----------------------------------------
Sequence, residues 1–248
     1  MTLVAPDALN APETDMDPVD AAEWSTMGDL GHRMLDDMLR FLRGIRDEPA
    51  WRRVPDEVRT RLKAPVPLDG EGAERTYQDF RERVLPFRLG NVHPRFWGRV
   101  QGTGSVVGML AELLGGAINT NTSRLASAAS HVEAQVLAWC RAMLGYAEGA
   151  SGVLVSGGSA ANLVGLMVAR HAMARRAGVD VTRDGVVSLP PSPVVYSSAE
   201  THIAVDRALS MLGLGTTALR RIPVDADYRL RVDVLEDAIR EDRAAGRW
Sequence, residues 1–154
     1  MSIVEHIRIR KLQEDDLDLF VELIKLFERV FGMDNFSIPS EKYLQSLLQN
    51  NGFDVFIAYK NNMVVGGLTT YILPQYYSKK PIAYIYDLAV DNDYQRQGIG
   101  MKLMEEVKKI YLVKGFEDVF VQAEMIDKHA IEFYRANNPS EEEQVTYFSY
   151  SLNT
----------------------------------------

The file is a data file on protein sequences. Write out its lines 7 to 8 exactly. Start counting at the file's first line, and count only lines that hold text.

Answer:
Sequence, residues 1–154
     1  MSIVEHIRIR KLQEDDLDLF VELIKLFERV FGMDNFSIPS EKYLQSLLQN